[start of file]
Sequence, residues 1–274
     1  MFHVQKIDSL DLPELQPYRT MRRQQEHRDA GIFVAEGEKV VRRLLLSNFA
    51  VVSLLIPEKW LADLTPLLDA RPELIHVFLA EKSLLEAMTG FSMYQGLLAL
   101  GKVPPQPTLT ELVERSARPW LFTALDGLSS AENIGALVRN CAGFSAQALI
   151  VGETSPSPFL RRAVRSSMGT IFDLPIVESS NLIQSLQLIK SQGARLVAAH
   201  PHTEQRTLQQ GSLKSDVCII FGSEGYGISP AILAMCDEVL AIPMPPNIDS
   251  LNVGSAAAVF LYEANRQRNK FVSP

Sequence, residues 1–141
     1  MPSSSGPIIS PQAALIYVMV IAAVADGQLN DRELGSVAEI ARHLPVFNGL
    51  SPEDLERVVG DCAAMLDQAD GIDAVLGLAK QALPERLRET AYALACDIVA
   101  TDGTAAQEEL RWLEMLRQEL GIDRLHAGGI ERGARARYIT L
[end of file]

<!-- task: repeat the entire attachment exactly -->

Sequence, residues 1–274
     1  MFHVQKIDSL DLPELQPYRT MRRQQEHRDA GIFVAEGEKV VRRLLLSNFA
    51  VVSLLIPEKW LADLTPLLDA RPELIHVFLA EKSLLEAMTG FSMYQGLLAL
   101  GKVPPQPTLT ELVERSARPW LFTALDGLSS AENIGALVRN CAGFSAQALI
   151  VGETSPSPFL RRAVRSSMGT IFDLPIVESS NLIQSLQLIK SQGARLVAAH
   201  PHTEQRTLQQ GSLKSDVCII FGSEGYGISP AILAMCDEVL AIPMPPNIDS
   251  LNVGSAAAVF LYEANRQRNK FVSP

Sequence, residues 1–141
     1  MPSSSGPIIS PQAALIYVMV IAAVADGQLN DRELGSVAEI ARHLPVFNGL
    51  SPEDLERVVG DCAAMLDQAD GIDAVLGLAK QALPERLRET AYALACDIVA
   101  TDGTAAQEEL RWLEMLRQEL GIDRLHAGGI ERGARARYIT L